Legend has it that back in ancient Greece, some guy named Pheidippides ran 27 miles (technically 26 miles and 385 yards) to alert his general that the Persians had been defeated at the battle of Marathon. Then he dropped dead from the exertion. He was of course considered a hero and the run is immortalized in the concept of the marathon, now synonymous with a grueling test of endurance.
But Pheidippides had nothing on Jackson.
Jackson, a southern elephant seal, covered 18,000 miles in a year. By my calculations that works out to 666 marathons, at a rate of roughly two per day. And not only that — he did it with the stigma of a funky 1960’s alien antenna attached to his head (see photo above).
Southern elephant seals are among the world’s largest pinnipeds (seals and their kin), reaching sizes of 7500 pounds and 20 feet long. They are abundant in the remote waters off Tierra del Fuego, at the wild and wooly tip of South America, but are potentially vulnerable to fishing operations there. They are also potential indicators of marine ecosystem health, revealing how climate change may influence the distribution of prey species at the base of Patagonia’s marine ecosystem.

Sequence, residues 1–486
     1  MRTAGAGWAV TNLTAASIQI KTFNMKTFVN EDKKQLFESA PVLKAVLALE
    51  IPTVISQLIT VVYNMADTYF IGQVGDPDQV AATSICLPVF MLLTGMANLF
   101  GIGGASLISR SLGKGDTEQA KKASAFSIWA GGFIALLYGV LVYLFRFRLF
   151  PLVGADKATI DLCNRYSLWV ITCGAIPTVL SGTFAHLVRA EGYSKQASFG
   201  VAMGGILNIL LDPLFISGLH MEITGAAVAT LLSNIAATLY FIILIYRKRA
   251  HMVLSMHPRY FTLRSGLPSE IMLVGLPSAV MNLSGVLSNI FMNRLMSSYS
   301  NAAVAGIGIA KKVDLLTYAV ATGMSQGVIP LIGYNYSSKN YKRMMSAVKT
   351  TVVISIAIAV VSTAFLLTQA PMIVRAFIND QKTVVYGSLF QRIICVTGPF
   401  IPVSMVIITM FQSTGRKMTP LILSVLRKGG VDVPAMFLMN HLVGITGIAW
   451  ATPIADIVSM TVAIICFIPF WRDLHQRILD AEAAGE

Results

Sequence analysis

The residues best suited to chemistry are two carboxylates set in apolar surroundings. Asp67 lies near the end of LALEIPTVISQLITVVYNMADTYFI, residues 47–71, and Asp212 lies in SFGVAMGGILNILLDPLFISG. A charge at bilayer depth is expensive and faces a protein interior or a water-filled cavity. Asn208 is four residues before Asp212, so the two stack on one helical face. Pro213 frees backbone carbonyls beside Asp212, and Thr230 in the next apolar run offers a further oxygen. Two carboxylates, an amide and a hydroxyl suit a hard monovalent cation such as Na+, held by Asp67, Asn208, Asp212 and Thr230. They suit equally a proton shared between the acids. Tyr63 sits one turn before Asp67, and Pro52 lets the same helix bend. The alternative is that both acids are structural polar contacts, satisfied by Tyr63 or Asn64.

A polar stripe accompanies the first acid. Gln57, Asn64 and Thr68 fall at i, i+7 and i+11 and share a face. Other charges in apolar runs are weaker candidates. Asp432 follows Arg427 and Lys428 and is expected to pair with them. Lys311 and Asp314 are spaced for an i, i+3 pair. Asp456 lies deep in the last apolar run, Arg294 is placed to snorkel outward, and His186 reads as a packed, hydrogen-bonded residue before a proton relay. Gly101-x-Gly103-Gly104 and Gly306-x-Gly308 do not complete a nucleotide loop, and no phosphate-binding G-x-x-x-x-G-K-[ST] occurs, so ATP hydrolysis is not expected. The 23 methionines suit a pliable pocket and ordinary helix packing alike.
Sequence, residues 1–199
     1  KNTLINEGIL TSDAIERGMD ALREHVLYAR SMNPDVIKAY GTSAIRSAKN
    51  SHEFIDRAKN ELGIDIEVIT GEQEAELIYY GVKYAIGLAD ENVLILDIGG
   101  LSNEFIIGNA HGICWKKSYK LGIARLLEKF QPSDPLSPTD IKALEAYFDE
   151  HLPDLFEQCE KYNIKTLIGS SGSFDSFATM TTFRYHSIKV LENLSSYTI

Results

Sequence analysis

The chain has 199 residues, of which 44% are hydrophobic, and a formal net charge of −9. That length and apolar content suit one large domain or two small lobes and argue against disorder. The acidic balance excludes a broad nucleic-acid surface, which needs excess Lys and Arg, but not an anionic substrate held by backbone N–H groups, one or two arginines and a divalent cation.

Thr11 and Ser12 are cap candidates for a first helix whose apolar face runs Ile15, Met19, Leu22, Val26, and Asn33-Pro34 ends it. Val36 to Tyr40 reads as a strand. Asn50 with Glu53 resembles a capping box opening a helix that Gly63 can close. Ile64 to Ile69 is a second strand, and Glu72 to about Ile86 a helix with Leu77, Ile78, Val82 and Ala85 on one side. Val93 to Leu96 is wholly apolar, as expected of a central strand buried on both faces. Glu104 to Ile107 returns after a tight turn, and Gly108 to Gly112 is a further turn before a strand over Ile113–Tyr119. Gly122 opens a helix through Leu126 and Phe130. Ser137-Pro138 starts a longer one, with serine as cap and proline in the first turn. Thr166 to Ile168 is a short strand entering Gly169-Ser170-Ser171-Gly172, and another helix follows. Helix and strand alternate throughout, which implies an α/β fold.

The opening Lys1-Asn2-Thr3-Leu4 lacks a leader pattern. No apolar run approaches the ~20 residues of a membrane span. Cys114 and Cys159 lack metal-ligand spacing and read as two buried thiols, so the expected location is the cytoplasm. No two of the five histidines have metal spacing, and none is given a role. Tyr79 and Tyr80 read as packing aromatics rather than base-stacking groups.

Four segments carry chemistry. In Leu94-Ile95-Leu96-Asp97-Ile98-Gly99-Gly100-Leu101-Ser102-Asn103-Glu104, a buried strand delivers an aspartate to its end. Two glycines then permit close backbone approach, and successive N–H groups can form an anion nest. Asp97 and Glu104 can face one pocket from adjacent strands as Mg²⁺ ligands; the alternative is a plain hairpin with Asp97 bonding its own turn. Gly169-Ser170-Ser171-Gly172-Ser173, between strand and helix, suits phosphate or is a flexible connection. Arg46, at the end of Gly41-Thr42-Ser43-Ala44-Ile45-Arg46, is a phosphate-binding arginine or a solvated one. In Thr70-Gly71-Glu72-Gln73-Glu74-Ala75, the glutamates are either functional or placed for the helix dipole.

To get a sense for elephant seal home ranges and movements, Jackson was fitted with a satellite transmitter by scientists from the Wildlife Conservation Society, who followed him for most of the last year. The transmitter sent a beep to WCS HQ whenever Jackson surfaced to breathe, allowing them to track his exact location from December 2010 to November 2011. Here’s what he did, according to WCS:
“After being tagged, Jackson swam 1,000 miles north, 400 miles west, and 100 miles south. All the while, he meandered though fjords and ventured past the continental shelf as he foraged for fish and squid.”
The distance is equivalent to a trip from New York City to Sydney, Australia, as the map of his peregrinations above shows. But, really, this is no big deal for marine animals. Cases in point:
1) Humpback whales migrate over 5,100 miles from Central America to their feeding grounds off Antarctica; a record distance for any mammal.
2) Basking sharks that spend summers off Massachusetts and England can travel as far as Brazil to escape the winter.
3) Seabirds are the champions of long-distance migration. One Arctic Tern banded as a chick off the British east coast reached Melbourne, Australia within three months after fledging, a sea journey of over 14,000 miles. It was just a kid!
Makes me tired just thinking about it.